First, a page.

In March, more than twenty Business & Economic Development Center (BEDC) undergraduate students temporarily pushed aside their group projects and studying for exams to think about career approaches following graduation while attending a BEDC-organized luncheon with Machine Perception Technology CEO, Ken Denman (MBA 1986), and Jawbone Chief of Staff, Andrew Lindsay.
Designed as an informal, personal setting for students to actively engage in discussions about career and entrepreneurship options, students questioned Denman and Lindsay and put forth their own questions for navigating the business world. Students who attended came seeking real-world advice. For instance, Diana Nguyen, a student of the Multicultural Marketing class and an executive member of the BEDC’s Leadership Team, arrived at the luncheon seeking to learn how Denman and Lindsay “knew that they were making the right choices” along their career paths, and “what advice…they have for [students] as [they] try to achieve [their] own goals today.”
Both Denman and Lindsay stressed the importance of accessing one’s own individual goals. “Think about how you want to live and what you want out of life,” said Denman. Passion for your work is critical, and one must be invigorated by what they do each day. “There are too many opportunities to do a job you don’t love waking up to every morning.” And, as Rai Huang, another student of the Multicultural Marketing class, pointed out, the importance of “seizing opportunities available in the business school environment” was another chief point made by Denman for current students.
Additional key takeaways from the luncheon were threaded around a theme of best practices for business consulting as a profession—notably one of the “fastest growing industries in today’s corporate world and one of the most popular career choices” for new graduates—and business strategies for start-ups. Denman and Lindsay said that, whether you are steering the choices of businesses in trouble or striving to be entrepreneur, the blueprint to a successful business is to solve a problem or provide a service of incremental value that the consumer market is willing to pay for. Denman asserted that finding new ways to provide incremental value to the marketplace is one of the greatest challenges for small businesses. Conducting introspective market research, appropriately predicting the future of one’s industry, and perusing a risk-adjusted approach are fundamental.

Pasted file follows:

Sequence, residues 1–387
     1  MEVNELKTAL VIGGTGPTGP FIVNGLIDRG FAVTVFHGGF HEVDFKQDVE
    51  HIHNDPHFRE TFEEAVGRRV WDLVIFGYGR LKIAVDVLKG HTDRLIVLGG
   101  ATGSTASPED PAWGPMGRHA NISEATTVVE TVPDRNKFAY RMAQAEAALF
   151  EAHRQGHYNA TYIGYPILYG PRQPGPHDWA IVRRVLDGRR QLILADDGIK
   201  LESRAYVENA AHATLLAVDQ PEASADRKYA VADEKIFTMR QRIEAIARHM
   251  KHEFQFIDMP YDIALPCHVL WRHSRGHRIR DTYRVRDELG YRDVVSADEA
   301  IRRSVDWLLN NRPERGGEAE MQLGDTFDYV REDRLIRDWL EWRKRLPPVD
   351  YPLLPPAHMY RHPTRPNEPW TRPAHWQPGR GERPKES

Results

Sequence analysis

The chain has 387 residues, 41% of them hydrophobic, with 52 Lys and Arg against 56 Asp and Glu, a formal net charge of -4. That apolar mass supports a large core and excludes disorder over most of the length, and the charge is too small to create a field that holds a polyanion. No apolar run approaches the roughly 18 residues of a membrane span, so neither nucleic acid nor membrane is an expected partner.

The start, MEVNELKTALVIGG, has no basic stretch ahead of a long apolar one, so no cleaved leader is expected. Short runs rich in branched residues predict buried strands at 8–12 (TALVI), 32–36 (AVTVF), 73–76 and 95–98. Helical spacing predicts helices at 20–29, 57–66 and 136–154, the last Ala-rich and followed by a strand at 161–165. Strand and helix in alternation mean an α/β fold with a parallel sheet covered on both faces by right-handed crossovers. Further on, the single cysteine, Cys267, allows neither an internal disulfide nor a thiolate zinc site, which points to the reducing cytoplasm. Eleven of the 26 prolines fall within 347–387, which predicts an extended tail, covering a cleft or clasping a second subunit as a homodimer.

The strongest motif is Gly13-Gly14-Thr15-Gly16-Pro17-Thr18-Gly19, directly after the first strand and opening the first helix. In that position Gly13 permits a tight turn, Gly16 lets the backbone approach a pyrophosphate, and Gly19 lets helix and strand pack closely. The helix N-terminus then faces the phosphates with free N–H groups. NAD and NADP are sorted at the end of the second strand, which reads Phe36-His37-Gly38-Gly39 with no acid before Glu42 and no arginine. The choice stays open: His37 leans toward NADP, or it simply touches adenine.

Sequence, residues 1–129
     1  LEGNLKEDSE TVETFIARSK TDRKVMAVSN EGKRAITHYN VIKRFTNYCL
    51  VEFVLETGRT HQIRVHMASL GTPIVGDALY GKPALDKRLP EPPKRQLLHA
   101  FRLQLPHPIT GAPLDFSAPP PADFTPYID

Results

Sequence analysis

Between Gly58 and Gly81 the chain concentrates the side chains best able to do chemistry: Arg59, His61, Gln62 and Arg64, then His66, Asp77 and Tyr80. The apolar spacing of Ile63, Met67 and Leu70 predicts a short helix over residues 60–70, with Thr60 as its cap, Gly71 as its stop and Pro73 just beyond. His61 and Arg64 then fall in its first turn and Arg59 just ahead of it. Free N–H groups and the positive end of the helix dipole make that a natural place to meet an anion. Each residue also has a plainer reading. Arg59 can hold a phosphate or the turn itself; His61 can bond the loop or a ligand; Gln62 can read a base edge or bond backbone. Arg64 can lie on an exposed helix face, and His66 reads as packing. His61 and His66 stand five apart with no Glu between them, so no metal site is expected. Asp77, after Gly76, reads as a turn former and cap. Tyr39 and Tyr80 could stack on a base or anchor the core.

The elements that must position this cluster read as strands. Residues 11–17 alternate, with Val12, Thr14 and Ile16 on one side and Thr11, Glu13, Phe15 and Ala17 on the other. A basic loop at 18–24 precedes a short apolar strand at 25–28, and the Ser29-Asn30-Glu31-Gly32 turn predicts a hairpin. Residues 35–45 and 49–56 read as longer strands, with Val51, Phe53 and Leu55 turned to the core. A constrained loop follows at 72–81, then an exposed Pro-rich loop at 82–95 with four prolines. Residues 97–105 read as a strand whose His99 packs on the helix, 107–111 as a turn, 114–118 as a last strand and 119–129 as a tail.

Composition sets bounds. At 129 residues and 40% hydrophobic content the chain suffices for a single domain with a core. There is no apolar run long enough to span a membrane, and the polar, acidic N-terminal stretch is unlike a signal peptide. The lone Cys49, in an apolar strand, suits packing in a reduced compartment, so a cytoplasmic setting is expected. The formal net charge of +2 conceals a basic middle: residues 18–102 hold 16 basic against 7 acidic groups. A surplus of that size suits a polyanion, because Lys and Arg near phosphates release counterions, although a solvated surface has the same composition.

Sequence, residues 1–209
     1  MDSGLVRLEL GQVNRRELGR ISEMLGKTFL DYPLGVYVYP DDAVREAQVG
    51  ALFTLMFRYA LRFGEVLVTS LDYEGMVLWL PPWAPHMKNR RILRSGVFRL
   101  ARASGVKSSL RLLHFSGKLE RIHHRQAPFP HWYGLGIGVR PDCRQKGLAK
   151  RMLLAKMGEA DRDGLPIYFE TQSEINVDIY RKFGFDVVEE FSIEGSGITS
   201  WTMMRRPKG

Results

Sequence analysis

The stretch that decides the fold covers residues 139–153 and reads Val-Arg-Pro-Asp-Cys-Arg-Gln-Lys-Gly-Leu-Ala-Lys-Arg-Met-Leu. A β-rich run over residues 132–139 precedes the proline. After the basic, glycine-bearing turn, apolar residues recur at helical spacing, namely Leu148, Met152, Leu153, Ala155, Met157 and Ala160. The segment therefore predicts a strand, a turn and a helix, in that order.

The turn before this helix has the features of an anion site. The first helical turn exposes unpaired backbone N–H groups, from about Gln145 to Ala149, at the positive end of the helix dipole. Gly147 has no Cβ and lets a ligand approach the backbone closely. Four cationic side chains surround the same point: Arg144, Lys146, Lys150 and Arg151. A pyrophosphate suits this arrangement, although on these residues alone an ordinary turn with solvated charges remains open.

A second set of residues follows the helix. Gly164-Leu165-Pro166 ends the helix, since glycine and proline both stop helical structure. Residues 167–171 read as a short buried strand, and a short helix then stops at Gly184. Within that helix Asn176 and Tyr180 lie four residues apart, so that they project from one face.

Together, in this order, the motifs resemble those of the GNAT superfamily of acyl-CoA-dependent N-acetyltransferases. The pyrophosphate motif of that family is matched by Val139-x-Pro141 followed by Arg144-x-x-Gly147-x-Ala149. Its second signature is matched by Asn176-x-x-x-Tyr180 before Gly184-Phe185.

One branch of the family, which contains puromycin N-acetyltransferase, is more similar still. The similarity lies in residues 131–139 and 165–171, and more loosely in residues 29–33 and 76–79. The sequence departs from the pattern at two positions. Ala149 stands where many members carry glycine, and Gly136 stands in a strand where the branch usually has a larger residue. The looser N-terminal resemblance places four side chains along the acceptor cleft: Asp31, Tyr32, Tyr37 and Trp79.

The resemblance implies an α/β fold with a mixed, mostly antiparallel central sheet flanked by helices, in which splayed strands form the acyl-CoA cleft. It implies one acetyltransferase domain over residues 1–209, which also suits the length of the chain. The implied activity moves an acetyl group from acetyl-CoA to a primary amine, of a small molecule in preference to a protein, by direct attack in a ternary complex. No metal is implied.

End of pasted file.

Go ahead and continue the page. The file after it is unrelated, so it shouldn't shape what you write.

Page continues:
Students also expressed considerable interest in the benefits and challenges of consulting for small businesses versus large corporations. Denman and Lindsay agreed that, while working with large companies can be advantageous for gathering valuable skills sets and acquiring knowledge of proper consulting processes and policies, large corporations can be more resistant to revision and restructuring than small business. Small companies, on the other hand, are more nimble and open to change, and the result of alterations can be more quickly discernible, but the emotional investment on the owners’ part can be far greater. In turn, Denman and Lindsay recommend that the key to successful consulting is to deliver arguments for change with confidence, verified statistics and objective facts.
The hour-long luncheon was a time for students to reflect on their futures, and gain recommendations regardless of the career path they choose. Undergraduate Rai Huang recapped the event well:
“It reinforced my belief that, if a person chooses to follow their heart and keep moving towards that direction, they will eventually find success.”
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